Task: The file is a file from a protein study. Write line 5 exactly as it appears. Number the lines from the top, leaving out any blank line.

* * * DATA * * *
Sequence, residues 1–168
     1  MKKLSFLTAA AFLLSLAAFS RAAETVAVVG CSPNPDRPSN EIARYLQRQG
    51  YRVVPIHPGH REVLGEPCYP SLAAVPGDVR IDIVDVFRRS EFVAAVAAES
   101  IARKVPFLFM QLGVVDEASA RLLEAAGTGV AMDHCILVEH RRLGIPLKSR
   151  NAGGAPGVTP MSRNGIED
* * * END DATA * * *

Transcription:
   151  NAGGAPGVTP MSRNGIED